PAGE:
Alternative Spring Break teaches EMCC students the value of service

February 19, 2019

Alternative Spring Break, set for March 11-13 at Tres Rios, benefits Estrella Mountain Community College (EMCC) students in more ways than one.

Not only do Alternative Spring Breakers learn about social issues and collaborate on projects that directly and positively impact the community, but they also earn club points as well as service learning and honors credits. In addition, they make new friends, something Landis Elliott, Student Services Analyst and one of the event organizers, believes helps them succeed in college.

“Students who participate in Alternative Spring Break create and strengthen relationships with their peers on campus,” Landis said. “When they’re more likely to see a friendly face on campus, they’re more likely to persist at EMCC.”

Alternative Spring Break launched in 2016, and for the first two years, students and employees volunteered for Homeward Bound, an Arizona-based nonprofit that serves families going through homelessness. Each year, they helped to refurbish a home.

Last year, Alternative Spring Break moved to Tres Rios. Over the three days, students, faculty, and staff came together to revitalize Tres Rios, a wetlands area near ISM Raceway (formerly Phoenix International Raceway) in Avondale where the Agua Fria, Gila, and Salt rivers converge. Tres Rios is home to diverse wildlife and provides the perfect setting for canoeing, fishing, bird watching, and hiking.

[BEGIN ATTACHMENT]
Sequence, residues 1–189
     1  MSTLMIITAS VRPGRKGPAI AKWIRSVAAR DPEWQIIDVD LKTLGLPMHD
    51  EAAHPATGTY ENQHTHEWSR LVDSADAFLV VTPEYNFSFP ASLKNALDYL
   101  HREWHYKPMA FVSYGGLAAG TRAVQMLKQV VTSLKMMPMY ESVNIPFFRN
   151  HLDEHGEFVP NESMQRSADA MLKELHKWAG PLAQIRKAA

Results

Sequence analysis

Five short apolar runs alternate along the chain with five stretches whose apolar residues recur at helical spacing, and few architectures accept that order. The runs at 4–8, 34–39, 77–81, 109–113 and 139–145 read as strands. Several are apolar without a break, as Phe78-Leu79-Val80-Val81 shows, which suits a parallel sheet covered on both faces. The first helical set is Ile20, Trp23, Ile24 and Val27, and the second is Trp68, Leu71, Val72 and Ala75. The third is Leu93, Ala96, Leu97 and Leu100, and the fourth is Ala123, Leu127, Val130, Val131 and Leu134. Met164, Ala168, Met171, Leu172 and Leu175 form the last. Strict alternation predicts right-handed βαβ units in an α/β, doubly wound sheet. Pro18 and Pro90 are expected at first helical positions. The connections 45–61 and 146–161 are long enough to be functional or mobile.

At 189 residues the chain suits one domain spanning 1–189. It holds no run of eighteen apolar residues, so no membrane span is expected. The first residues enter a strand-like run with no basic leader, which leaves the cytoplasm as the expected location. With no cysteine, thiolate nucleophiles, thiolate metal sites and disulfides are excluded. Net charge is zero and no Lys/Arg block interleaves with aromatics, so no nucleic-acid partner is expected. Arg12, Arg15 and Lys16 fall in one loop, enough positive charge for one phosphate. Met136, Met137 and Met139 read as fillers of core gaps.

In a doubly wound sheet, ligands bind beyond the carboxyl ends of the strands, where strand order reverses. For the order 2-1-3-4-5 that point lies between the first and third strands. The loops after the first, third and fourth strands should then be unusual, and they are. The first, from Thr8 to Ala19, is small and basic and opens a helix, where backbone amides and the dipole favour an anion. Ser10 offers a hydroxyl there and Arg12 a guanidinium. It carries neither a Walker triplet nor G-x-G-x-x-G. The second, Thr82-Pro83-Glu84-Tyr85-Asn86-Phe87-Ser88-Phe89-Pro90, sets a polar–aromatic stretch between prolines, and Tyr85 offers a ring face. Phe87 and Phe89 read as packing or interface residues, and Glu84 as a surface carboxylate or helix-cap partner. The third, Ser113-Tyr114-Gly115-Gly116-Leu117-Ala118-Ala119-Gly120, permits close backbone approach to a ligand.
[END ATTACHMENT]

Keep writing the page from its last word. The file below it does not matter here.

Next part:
“Many do not know of the beautiful Tres Rios area 20 minutes down the road — a very rich and beautiful natural area,” said Dr. Jarod Raithel, Life Sciences Professor who is also one of the event organizers.

Students who participated during last year’s event cleaned up trash from the parking lots and recreational areas. They also placed new signs along the hiking trail.

Revitalization efforts for this year include removing litter from the trail entrance, raking and loping vegetation back along the trail, repairing an informational gazebo that provides outreach on local nesting eagles, and documenting plant and animal species during a “Bioblitz.”

“Bioblitz was originally a national Geographic initiative to harness the power of citizen science to assess and monitor species biodiversity,” Raithel said, adding every student in every major benefits from taking part in the Bioblitz. “It may be of more interest to STEM students, but being able to identify common plant, bird, and insect species in our environment is a skill that is widely applicable.”

During last year’s Bioblitz, the EMCC team took pictures of soil, plants, birds, amphibians, and reptiles, recording 30 different species and contributing their findings to INaturalist, which documents and shares findings with others in scientific data around the country.

Students wishing to participate in Alternative Spring Break must apply at

To watch a video on last year's event click here: